Fixing Leaky Copper
Learn how to remove and replace a failing valve or fitting when working with copper pipe.
Synopsis: Even in the best plumbing systems, leaks happen, often over time and especially at transition areas. Certified green plumber Georg Efird outlines his process for fixing leaky copper pipes. Efird removes leaky joints in two ways: sweating off the joint, which is least invasive; and cutting out the joint, which is necessary if the joint can’t be sweated off. Before a repair can be made, you must remove all water from the plumbing system. Next, ream, clean, and apply flux to the fitting. Then heat the pipe and carefully apply solder. Be sure to wipe down the pipe to remove excess flux, which is corrosive. Efird includes several tips, including advice on diverting heat to protect areas surrounding pipe, using bread to manage drips, and crimping joints to help hold unsteady work together before assembly is complete.
New construction has dominated my plumbing business in Asheville, N.C., for the past two years. My crew and I spent our days installing PEX tubing. The work was clean and quick. Before housing starts picked up, though, and since they’ve declined, I spent the majority of my time working with copper. These jobs often involved repairing or tapping into copper water lines in old houses.
Whether you’re cutting out a leaky joint or tapping into an existing line, there’s a methodical, easy-to-learn process to working with copper. Like any trade-based skill, however, practice is the path to mastery. The steps outlined here and some hard-earned tips that I’ve acquired over the years can save you some time and money on most repairs involving solder.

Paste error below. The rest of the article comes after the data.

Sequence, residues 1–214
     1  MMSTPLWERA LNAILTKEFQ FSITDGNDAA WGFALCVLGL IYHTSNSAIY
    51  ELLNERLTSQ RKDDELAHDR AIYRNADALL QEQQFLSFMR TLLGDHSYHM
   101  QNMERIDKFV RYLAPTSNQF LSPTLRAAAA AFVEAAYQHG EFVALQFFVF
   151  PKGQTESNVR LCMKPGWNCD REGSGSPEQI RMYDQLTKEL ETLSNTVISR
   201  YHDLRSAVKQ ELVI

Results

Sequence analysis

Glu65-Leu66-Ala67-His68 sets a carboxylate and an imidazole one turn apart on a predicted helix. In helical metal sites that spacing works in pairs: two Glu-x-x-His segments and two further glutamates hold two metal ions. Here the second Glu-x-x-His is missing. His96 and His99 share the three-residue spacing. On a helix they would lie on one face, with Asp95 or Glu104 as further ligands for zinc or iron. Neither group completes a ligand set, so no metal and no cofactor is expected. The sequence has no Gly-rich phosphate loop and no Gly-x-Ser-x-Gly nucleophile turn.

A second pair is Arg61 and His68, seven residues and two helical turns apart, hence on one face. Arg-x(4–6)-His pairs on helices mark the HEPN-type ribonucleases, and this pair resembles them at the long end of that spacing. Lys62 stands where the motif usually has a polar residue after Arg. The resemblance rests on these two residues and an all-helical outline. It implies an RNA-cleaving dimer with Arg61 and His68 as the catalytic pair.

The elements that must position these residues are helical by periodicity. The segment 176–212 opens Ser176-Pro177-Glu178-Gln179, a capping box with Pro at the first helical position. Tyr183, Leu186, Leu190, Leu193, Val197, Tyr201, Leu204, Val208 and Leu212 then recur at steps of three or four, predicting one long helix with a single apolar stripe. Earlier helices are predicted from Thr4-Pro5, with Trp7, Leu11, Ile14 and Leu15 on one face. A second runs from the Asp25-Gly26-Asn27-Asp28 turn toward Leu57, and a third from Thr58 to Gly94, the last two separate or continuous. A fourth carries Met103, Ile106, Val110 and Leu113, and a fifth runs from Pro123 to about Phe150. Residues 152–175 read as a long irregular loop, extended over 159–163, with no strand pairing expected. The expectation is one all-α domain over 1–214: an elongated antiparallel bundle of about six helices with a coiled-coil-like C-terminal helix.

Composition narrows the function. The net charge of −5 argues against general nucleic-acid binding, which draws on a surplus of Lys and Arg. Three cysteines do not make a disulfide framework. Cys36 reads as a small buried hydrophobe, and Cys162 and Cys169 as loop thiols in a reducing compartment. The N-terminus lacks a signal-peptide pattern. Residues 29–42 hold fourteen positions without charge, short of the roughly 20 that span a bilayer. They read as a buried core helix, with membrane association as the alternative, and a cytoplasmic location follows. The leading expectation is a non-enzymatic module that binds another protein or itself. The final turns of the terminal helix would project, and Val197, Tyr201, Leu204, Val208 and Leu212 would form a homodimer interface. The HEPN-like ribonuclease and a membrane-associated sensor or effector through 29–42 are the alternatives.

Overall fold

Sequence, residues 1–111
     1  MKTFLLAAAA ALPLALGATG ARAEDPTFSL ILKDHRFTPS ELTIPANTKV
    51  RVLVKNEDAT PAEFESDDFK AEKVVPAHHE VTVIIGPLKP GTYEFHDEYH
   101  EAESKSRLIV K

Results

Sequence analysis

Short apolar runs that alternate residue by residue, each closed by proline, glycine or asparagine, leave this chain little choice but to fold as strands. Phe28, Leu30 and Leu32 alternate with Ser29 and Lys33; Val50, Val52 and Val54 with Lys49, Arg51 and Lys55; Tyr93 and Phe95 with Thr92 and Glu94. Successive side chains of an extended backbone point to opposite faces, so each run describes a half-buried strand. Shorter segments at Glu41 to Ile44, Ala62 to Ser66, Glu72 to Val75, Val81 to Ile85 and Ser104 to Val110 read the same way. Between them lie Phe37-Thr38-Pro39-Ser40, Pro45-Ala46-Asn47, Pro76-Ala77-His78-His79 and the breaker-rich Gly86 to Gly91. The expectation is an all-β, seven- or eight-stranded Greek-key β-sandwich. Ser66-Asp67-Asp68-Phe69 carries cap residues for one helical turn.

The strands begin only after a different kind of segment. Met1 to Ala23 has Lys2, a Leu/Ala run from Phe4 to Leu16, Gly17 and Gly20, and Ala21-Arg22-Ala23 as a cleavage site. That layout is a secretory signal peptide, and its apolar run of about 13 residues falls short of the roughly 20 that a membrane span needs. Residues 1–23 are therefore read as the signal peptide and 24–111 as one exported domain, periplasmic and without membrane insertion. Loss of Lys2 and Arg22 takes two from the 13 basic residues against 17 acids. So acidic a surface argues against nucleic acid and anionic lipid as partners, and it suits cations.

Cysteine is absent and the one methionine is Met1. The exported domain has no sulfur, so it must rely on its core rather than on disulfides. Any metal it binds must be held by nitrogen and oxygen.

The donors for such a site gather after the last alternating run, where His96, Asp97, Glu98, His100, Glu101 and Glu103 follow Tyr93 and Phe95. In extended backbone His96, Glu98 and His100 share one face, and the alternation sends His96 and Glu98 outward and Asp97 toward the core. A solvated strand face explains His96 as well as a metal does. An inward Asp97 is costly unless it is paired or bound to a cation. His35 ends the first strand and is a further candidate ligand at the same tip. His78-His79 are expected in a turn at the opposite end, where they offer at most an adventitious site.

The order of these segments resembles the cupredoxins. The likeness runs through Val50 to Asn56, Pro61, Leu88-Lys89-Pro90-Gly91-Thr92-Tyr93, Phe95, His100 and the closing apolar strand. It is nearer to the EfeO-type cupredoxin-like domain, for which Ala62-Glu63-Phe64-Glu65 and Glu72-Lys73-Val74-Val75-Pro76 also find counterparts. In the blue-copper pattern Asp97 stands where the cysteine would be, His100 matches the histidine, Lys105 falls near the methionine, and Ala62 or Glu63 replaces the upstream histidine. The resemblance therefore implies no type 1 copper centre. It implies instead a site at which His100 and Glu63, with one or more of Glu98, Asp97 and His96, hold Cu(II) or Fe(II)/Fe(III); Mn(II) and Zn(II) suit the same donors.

Turbulent flow weakens joints
Leaks happen, and they happen for many reasons. More often than not, leaks develop over time, especially in tees, 45° elbows, and 90° elbows, which are subject to significant force as water flows. Water slowly eats and erodes copper in these areas. Improper soldering techniques are also a common source of leaks.
The erosive power of water at these diversion points is why fittings are made of a harder copper than piping. Well water or water that contains sediment or sand can be especially hard on fittings. Sand is particularly bad for copper water systems because of its abrasive quality. Sand can cause pinholes to develop around connections, creating small leaks that can be difficult to spot. Wiping each joint with a dry rag is a good way to test for leaks.
The fittings at the water heater are common trouble spots, too. If the fittings are overheated during the installation process, the Teflon tape around threaded connections can melt, causing the joint to leak. Teflon can break down over time due to heat as well.
To prevent leaks, be sure to protect threaded joints from excessive heat during soldering. I use a tubing cutter and a wet rag to isolate these and any other joints I want to protect.
First, flush the system
To be soldered, a joint needs to be free of water. Water won’t allow the joint to heat properly, impeding the solder’s bond to the pipe. The best way to ensure that water doesn’t creep into the area I’m working on is to drain the system. I do this by turning off the water heater, turning off the water, then opening all the valves in the house.
I turn off electric water heaters at the breaker. To ensure that no one turns on the breaker before I’m finished, I clip a safety lock-out tag on the switch. (Tape works, too.) If it’s a gas water heater, I turn it to its lowest setting. Next, I turn off the main water valve and the cold-water valve on top of the water heater. Then I open all faucets in the house, hot and cold, to relieve pressure. This includes hose bibs and toilets, which will drain the rest of the system.
To view the entire article, please click the View PDF button below: